Book-values are helpful to livestock producers, nutrient management specialists and regulatory agencies. However, no single book-value can represent manure at all sites across the province at all times. Manure properties are subject to tremendous variation and, therefore, book-values represent average conditions. Especially for new operations without site specific data, book-values are very important for constructing manure storage with adequate volume and securing adequate land for the sustainable use of nutrients available in manure.
On this page, units of nutrient concentration are given as grams per 10 litres. This is equivalent to pounds per 1,000 imperial gallons.
Existing data collected in Saskatchewan
In 2014, both volume of manure production and nutrient concentration was collected from six dairies in Saskatchewan. The size of this dataset is small and therefore caution should be exercised in drawing conclusions. For this reason, nutrient data from nine dairies in Manitoba is included in this analysis.
In Saskatchewan, total nitrogen concentration ranges from 26 to 42 g/10 litres and the average is 33 g/10 litres. Phosphorus concentration ranges from 3.6 to 8.1 g/10 litres and the average is 5.6 g/10 litres. Potassium concentration ranges from 18.3 to 28.7 g/10 litres and the average is 22.1 g/10 litres. Moisture content ranges from 88.6 to 96.2 per cent and the average is 91.9 per cent.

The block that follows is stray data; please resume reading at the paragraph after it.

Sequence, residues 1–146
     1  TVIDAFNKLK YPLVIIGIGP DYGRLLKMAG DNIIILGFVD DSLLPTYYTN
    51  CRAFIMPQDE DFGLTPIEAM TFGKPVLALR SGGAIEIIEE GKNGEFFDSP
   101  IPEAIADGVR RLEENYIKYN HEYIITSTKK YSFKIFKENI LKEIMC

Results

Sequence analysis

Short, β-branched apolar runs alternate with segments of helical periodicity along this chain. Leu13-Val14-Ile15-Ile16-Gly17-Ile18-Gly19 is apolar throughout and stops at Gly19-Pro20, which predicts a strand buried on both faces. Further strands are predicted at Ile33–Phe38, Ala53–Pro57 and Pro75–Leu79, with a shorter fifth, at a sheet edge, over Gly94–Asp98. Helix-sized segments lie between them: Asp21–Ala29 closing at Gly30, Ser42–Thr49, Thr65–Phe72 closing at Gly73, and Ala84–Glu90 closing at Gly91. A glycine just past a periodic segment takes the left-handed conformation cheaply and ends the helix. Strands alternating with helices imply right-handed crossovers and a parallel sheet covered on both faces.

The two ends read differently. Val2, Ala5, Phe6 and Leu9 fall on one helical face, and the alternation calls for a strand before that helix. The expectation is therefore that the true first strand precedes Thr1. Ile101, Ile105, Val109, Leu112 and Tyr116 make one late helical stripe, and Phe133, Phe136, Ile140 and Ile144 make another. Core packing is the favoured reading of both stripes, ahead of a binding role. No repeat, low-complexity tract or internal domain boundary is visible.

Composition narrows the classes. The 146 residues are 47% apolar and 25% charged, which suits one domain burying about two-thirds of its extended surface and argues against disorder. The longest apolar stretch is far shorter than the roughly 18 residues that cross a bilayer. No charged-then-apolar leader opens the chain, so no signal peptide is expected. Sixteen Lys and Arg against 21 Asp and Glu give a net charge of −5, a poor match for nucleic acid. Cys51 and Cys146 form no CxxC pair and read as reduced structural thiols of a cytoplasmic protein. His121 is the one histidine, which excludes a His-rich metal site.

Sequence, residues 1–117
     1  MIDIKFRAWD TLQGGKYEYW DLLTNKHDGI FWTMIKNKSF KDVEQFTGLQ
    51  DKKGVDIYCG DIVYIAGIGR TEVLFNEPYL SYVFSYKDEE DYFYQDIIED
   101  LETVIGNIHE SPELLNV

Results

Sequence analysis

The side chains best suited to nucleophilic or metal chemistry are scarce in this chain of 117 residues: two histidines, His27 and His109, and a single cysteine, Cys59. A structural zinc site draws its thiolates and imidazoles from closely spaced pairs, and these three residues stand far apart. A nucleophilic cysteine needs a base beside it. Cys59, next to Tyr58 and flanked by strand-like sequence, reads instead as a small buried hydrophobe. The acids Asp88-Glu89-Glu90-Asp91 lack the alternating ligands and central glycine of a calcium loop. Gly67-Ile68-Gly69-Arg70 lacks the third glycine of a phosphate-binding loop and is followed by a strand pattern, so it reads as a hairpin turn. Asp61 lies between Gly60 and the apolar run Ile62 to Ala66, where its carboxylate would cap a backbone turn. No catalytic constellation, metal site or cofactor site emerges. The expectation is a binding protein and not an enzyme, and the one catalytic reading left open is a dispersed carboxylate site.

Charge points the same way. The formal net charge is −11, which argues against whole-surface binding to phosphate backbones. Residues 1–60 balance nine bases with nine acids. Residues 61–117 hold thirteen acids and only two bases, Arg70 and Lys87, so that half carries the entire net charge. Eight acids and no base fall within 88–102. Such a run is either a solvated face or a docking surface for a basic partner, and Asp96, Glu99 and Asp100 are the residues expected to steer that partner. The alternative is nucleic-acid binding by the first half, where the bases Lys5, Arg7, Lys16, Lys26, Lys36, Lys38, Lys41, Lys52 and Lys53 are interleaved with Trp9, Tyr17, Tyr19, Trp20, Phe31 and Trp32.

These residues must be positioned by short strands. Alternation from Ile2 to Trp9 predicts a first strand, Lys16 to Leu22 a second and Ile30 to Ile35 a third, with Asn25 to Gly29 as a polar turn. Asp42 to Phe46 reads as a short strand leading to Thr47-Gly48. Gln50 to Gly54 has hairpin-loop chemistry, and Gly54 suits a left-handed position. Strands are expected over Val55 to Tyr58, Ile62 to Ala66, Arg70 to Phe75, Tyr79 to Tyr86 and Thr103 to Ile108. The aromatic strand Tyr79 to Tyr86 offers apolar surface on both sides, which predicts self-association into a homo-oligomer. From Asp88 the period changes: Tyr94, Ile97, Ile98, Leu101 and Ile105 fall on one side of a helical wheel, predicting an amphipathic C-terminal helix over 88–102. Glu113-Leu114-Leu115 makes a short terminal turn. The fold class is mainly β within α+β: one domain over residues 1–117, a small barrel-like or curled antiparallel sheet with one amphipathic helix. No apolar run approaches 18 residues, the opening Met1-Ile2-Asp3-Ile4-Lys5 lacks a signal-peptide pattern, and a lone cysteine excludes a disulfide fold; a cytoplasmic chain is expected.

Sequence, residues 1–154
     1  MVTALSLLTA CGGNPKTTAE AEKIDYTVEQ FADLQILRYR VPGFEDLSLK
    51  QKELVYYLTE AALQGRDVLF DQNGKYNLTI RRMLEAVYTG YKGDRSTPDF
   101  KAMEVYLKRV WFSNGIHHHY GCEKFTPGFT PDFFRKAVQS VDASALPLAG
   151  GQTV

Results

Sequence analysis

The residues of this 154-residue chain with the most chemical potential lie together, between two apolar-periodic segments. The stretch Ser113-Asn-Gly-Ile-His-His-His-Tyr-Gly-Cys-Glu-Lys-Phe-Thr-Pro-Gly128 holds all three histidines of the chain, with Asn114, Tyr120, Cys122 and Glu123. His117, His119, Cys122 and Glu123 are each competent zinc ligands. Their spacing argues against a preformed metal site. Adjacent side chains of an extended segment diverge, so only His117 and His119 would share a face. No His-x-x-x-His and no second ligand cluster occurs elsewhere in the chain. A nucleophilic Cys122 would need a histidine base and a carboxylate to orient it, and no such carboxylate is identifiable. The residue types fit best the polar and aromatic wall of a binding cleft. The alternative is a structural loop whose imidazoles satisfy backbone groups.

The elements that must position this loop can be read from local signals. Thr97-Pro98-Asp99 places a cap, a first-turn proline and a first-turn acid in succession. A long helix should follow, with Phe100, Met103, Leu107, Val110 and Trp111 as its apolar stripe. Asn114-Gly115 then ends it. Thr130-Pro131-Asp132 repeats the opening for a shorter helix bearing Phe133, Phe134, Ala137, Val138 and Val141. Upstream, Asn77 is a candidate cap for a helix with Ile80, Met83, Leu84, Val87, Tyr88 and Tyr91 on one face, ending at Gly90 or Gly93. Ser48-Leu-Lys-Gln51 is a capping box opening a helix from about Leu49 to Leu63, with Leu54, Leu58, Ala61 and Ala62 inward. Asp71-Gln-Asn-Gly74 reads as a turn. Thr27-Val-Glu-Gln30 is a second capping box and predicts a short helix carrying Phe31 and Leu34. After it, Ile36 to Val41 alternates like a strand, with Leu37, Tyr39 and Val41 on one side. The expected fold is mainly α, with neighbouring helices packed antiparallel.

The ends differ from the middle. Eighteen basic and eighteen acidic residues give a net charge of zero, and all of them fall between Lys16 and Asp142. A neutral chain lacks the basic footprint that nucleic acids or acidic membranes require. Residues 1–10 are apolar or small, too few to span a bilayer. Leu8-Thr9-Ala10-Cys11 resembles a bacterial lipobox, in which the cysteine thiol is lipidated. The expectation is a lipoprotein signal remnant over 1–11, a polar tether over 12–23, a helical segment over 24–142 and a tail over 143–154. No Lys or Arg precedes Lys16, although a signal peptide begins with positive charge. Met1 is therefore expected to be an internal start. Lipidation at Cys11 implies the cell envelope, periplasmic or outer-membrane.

There is a strong correlation between percentage of nitrogen (dry weight) and the percentage of solids (Figure 1). This observation is significant: if solid content is known, then concentration of nitrogen in liquid manure can be predicted (Equation 1).
Equation 1: Nww = Ndw x S x (1 + 0.0041 x S)
Equation 2: Ndw = 24.769 * S-0.857
- Nww is nitrogen concentration g/10 litres;
- Ndw is nitrogen concentration per cent dry weight; and
- S is solid concentration per cent.
For the purpose of establishing book-values, a reasonable estimation of solid content can be calculated if both volume and dry matter are known. Dry matter excretion for a typical animal can be calculated from equations provided by the American Society of Agricultural Engineers (ASAE). Volume is provided by manure production values measured in Saskatchewan.
Volume of manure production
Volume of manure production was measured at six dairies in Saskatchewan. At three of the dairies, only milk cows contributed to the manure storage. At the other three dairies, associated livestock also contributed. Due to the small dataset, no difference in manure production between the two production systems was noticeable. Milk house waste was included in all cases.
Volume of manure production ranges from 0.145 to 0.191 L/kg animal/d. The average is 0.166 and the median is 0.161 L/kg animal/d. Therefore, a reasonable range of manure production for a 669 kg milk cow is between 97 and 128 L/day.